Hiding parts of a page from Google

  • Christian Stocker

For a project, we want to exclude some information on a page so that it does not appear on Google search results. We mainly want to hide the usernames from the comments, so that those users are not findable via Google. This is mainly meant for the protection of the users (and also for avoiding customer care calls when people find themselves in Google on pages they don't want to be found).

There are different solutions to this problem and we assume we didn't find the perfect one yet, so maybe someone of our readers has some insights.

Here are our solutions:

  • Remove the usernames from the page, when the Googlebot is detected. Could work. No negative impact to the general visitor. Just two questions: If Googlebot disguises itself as a different user agent, we deliver it the usernames nevertheless, what does it do with it? Add it to the index? Treat the site as “you deliver different results to Google than your visitors. You're bad. You lost your karma”? (which we have to avoid, of course). I doubt such a small change will trigger that alarm or that it will end up in the index, but no one knows for sure (at least I didn't find anything).

Conclusion: Could work, unknown risk that it does bad things.

  • Use images instead of text. As long as Google doesn't do OCR, that works. The general visitor can't copy&paste, but apart from it, it works for him. But blind people do have a problem then and accessibility is important on that site.

Conclusion: Does work. But is not accessible and may look very strange.

  • Use Javascript to write the name. Actually we do that as spam prevention already on our website (and generally in the CMS) for email addresses. Mine looks something like and the function “obfscml” does then deobfuscate it (as you can guess the algorithm is not very fancy :)). I thought that works (and it certainly works for most spam email harvesters), but when I searched for this email address at Google I was quite surprised to find that page on the top spot. So Google actually does execute javascript on the page (it's not just regexing or parsing or similar as I read on other pages, the algorithm is not that easy).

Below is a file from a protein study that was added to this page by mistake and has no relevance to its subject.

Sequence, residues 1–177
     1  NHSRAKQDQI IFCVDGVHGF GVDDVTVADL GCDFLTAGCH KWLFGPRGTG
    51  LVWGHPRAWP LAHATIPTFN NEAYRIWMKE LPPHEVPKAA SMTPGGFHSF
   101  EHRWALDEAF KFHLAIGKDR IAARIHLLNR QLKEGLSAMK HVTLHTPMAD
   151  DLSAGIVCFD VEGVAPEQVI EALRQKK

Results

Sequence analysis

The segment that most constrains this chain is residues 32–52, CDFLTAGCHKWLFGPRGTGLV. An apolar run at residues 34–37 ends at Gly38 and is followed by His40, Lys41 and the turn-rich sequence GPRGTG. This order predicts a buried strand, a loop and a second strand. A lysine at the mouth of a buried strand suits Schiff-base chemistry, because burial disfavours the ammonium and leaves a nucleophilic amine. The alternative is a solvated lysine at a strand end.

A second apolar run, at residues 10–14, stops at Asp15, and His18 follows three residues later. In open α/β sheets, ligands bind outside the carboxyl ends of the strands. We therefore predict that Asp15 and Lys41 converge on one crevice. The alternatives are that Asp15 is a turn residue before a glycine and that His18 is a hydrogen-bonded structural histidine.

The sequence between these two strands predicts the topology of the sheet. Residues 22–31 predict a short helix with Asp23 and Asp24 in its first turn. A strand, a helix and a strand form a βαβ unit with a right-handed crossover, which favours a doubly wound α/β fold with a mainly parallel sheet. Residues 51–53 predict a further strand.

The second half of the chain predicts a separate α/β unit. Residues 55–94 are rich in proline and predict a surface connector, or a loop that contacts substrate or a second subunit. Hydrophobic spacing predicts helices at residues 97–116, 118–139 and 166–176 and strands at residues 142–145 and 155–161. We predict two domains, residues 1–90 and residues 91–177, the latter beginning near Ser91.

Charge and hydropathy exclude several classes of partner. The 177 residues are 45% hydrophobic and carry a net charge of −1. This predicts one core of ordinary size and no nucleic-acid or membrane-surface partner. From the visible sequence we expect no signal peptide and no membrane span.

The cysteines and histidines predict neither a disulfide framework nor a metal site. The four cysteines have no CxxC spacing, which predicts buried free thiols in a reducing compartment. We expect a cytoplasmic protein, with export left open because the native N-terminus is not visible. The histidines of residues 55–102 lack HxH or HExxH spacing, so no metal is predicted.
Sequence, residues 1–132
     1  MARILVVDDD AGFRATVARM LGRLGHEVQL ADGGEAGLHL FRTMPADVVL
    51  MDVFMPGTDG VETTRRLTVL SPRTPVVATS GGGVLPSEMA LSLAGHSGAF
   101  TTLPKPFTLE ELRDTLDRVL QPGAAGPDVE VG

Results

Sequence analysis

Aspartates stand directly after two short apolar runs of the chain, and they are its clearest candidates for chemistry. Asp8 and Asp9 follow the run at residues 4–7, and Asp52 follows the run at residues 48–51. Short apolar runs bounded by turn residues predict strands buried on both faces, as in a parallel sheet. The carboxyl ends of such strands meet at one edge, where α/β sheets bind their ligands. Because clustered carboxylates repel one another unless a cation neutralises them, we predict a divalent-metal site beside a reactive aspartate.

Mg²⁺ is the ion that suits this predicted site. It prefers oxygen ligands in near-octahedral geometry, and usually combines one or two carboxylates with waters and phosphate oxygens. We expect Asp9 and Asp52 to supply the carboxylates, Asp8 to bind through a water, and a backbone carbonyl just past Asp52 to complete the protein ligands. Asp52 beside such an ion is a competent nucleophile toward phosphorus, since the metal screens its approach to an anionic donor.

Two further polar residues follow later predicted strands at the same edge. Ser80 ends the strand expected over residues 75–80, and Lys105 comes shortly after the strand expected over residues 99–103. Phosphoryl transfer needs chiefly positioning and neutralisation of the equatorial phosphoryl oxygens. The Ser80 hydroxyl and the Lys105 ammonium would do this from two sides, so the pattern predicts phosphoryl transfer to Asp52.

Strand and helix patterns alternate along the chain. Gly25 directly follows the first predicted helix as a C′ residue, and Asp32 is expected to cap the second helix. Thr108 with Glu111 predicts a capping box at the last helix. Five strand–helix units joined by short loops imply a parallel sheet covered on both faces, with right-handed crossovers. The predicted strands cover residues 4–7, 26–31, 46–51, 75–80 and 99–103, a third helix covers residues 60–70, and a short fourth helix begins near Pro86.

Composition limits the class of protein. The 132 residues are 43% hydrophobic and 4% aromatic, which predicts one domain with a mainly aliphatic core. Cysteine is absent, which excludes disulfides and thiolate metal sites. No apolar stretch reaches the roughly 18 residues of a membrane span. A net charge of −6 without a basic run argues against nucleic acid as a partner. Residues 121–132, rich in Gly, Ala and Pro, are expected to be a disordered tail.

So I went to the next stage and put the actual function into an external javascript file and – just to make sure – exclude it from Googlebot with robots.txt. And a week later, it was gone from the index. So that worked (and if it wouldn't work, Google wouldn't play by the robots.txt rules and I trust them that much)

Conclusion: It works, if you put the javascript function into an external file and exclude this with robots.txt. People with Javascript disabled don't see the name, but everyone else does and wouldn't notice anything. Still not perfect.

  • Last but not least: A combination of images and javascript. You use images and write the name with javascript into the alt tag. The only people not being able to read the name are blind people with javascript disabled (and that's usually not the case, AFAIK). But still: Only works until Google does OCR and it may look alien in your page.

That's what we came up with. Nothing is really satisfying and there's no official solution by Google, as far as I know. Excluding whole pages from Google is easy, but excluding just parts of it almost impossible without dirty hacks.

If anyone comes up with a way more elegant solution, we really like to hear it. The comments are open.

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